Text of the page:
The Eternal Quest for God: Introduction
Chapter 1
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Notes and Acknowledgements

Italics are used for all quotations from the Bahá'í Sacred Scriptures, namely `any part of the writings of the Báb, Bahá'u'lláh and the Master'. (Letter on behalf of Shoghi Effendi, in Seeking the Light of the Kingdom (comp.), p.17.) Italics are not used for recorded utterances by `Abdu'l-Bahá. Although very important for the concepts and the explanations they convey, when they have `in one form or the other obtained His sanction' (Shoghi Effendi, quoted in Principles of Bahá'í Administration, p.34) - as is the case, for example, with Some Answered Questions or The Promulgation of Universal Peace - they cannot `be considered Scripture'. (Shoghi Effendi, Unfolding Destiny, p.208.)

Quotations from Italian publications are translated by the author, unless otherwise indicated.

This book was, in a way, written twice: first in Italian, and then again in English. For the English version I am particularly grateful to Ghitty Payman Galeotti, who encouraged me to accomplish this task, which I thought out of my reach. I wish to express my gratitude also to May Hofman Ballerio for her precious help in revising and editing the manuscript. Last but not least, I gratefully remember the patience of my wife Paola, who accepted my absence during the long hours I dedicated to this work.


The Bahá'í Faith presents itself to modern man as a solution to the manifold problems which afflict him on the social and individual level. It does not claim to be a sort of magic wand, which could suddenly transform our imperfect world into an improbable utopia, but it presents itself as a cause entitled to indicate goals and methods and to furnish ideas and energies necessary for a transformation to take place. This transformation will certainly be difficult and slow and will proceed according to the unchangeable laws of social development, until it brings man to a higher stage of civilization.1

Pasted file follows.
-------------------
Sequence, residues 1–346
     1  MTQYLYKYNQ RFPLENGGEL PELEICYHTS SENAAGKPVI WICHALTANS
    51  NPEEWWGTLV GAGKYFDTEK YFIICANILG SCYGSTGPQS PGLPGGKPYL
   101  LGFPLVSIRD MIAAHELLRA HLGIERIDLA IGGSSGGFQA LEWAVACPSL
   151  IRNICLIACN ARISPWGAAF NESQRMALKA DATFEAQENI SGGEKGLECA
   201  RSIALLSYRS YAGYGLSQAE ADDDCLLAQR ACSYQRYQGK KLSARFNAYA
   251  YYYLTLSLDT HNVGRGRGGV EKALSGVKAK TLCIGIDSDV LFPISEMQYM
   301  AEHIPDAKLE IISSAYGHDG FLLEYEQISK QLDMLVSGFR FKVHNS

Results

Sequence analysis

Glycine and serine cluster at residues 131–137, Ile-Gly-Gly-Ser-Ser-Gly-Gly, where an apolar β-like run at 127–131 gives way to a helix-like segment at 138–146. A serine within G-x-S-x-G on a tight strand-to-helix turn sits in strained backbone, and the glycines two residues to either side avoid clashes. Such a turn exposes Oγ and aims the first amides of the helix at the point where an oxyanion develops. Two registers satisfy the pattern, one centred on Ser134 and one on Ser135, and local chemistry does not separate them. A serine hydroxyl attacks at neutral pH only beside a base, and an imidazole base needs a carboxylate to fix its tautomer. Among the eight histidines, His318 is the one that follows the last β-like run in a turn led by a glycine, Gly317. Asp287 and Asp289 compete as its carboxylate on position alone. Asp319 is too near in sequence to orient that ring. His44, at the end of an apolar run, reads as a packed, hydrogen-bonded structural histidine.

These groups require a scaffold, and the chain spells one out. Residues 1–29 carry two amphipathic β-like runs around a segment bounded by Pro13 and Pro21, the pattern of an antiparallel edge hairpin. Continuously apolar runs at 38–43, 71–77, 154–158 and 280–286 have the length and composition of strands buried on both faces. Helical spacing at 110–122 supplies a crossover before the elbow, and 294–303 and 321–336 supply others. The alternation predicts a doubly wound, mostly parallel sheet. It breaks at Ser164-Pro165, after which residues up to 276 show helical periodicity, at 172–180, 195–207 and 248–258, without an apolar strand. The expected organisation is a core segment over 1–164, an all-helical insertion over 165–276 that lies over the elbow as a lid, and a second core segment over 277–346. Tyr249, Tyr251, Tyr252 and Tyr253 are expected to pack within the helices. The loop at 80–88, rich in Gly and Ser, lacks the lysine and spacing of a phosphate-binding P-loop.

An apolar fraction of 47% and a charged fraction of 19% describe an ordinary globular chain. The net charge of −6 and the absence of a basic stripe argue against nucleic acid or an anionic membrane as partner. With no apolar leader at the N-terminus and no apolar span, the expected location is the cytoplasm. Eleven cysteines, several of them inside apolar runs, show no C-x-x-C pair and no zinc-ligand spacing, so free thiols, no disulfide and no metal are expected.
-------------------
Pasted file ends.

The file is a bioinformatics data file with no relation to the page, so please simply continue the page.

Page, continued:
The Bahá'í Faith offers a particular vision of man and the universe; on the one hand, it suggests a specific code of ethics whose application raises man to a higher level of maturity than hitherto; on the other, it suggests principles, structures and methods in the social and political sphere which would enable man -- as, by increasingly applying this ethic, he grows in his feelings and behaviours -- to build a world of peace and cooperation between the peoples of the earth. This kind of world is the only cradle in which an infant human intellect (infant in relation to the millions of years of man's existence on the planet) can develop and prosper, and gradually manifest the infinite potentialities with which man has been endowed.

Modern readers have been undoubtedly disappointed and wearied by the different ideas for the improvement of man and society, expounded down the centuries by philosophers, politicians, sociologists, and others. Their trust in religion has been seriously shaken by many unfortunate events. It is hoped, however, that despite these obstacles they may be induced to a preliminary investigation of the Bahá'í teachings and their proposed reforms.